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A Word Problem

by Shayne Holzman

A word wrapped around a sentence is asking me a question: “In what way do you interpret me?” The sentence begins to inquire how the word is to be depicted.

But this word isn’t ordinary. The word is readable in full meaning and spelling but is perceived in an incoherent way. The word is locked in and can’t be visualized in the words created by the sentence.

A letter is blocked, causing half of the comprehension to taper off. When the word is seen, a kinesthetic and woozy feeling hunches over the sentence. The flow of the word becomes demoralized, and the interpretation of the sentence is in turmoil.

When I read the word, a part of me loses control of my brain. There is a mechanism consisting of facts and tracings of incomprehensible realizations. There are no epiphanies in this book, and there shall never be any until a story comes along with a twisted cacophony.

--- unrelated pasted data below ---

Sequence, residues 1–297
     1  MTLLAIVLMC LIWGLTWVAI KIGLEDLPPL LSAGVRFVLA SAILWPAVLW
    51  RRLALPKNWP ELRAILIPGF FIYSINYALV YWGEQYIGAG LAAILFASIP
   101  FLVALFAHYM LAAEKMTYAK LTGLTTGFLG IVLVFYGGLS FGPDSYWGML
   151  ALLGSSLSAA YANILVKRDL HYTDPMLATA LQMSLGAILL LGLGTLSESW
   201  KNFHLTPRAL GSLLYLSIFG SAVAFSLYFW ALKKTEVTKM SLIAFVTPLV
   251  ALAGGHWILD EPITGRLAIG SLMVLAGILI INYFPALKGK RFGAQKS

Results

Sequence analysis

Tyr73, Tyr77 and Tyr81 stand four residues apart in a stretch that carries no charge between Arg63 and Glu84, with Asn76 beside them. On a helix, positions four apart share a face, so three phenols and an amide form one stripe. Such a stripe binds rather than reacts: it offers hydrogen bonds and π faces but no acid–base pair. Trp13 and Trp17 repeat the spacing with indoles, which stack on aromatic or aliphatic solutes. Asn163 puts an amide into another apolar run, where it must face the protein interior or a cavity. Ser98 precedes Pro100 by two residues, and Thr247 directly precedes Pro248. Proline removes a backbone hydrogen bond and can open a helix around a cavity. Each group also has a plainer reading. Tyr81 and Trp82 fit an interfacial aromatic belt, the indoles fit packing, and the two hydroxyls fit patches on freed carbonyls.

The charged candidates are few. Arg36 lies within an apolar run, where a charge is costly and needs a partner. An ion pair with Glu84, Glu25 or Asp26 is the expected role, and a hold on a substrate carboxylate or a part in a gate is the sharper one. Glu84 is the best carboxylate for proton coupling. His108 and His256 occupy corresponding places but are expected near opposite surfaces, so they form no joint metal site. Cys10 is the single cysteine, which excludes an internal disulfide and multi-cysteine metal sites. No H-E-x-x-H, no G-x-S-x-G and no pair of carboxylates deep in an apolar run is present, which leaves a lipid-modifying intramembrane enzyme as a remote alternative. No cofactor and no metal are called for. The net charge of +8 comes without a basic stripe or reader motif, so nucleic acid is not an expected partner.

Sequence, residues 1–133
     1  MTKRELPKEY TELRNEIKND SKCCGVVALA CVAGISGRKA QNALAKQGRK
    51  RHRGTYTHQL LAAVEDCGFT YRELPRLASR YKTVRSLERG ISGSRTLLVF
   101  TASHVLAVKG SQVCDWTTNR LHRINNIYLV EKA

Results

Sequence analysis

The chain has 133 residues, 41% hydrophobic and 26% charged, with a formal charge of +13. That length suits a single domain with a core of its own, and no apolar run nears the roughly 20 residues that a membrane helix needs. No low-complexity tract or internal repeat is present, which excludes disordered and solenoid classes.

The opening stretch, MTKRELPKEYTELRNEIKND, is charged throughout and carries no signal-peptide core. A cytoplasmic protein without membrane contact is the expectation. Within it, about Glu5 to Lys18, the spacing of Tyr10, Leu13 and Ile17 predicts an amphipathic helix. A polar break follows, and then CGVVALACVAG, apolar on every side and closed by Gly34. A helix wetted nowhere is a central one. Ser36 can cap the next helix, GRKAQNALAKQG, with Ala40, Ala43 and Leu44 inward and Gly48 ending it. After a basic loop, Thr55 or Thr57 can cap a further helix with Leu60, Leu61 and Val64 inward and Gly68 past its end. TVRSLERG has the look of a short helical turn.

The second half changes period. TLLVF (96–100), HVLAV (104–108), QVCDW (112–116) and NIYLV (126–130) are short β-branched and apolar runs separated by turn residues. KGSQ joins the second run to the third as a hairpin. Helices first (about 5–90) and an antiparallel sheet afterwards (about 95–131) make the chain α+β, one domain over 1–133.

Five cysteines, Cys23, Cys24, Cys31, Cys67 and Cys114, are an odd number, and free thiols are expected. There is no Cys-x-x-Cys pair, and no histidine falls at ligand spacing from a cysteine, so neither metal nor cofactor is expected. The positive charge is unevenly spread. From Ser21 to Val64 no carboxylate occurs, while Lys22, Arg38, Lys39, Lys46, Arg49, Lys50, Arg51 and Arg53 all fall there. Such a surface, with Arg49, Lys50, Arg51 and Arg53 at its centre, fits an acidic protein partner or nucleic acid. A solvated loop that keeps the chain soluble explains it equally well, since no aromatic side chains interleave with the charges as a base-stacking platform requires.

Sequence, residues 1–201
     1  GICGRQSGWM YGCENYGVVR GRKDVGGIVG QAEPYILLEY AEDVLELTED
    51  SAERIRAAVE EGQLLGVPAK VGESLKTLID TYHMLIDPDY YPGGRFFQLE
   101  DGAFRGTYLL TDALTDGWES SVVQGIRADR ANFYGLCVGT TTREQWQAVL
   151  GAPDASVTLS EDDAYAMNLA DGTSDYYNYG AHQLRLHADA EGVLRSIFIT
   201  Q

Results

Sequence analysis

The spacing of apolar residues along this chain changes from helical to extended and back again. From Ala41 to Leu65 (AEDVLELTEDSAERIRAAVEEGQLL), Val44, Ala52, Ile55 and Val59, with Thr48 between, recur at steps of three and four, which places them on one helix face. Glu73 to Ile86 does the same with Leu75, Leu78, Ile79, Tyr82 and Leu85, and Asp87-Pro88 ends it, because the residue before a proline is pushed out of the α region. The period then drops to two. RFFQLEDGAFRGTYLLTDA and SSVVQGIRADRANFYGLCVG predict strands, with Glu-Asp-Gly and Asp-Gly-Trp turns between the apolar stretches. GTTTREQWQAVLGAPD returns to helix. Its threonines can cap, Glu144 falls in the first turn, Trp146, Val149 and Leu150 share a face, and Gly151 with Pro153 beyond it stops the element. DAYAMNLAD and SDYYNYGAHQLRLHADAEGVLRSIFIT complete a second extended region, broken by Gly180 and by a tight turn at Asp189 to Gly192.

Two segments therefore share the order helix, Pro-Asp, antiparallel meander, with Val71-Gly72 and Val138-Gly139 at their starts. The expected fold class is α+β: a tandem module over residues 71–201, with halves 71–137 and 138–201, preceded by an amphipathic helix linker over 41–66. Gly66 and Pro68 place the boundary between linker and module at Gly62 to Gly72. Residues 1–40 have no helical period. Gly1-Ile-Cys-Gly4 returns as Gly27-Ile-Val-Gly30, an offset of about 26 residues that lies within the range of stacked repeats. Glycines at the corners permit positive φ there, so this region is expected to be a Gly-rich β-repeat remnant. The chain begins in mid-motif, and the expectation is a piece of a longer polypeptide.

As I read, I am disturbed while searching for the answer to a knowledge-level question.

“There must be another way to explain it,” the word says.

“What do you mean?” I ask, with too many cluttered thoughts.

“You know the answer. You’re just afraid to say it,” the word replies.

“But how can I know the answer when my brain depletes the mechanism of not believing the word is truly spelled correctly and when my mind is nearly blank and incoherently lost in the world of an explicit non-transient book?”

Now that’s a question to be answered unquestionably, and to be thought out in a new demeanor.

“Okay,” the word says, “you’ve just told me your brain is in such disarray that you can’t interpret what has been unheard of before?”

“Oh well,” I reply, “I have an answer in the back of my brain, which you are implying I should portray. But I am aghast at the implications. Now you’re really screwing me up.”

“You’re a professional screw-up in your own understanding of literature,” the sentence says, “and in reasoning behind nostalgic logic.”

“You don’t make sense, and I don’t get it. And yet, come to think of it, I really do. Your words just lock into my brain and intertwine my interpretation of a word in a different way.”

Now I know the answer: some things don’t make sense.

I am one of them.

Copyright © 2011 by Shayne Holzman

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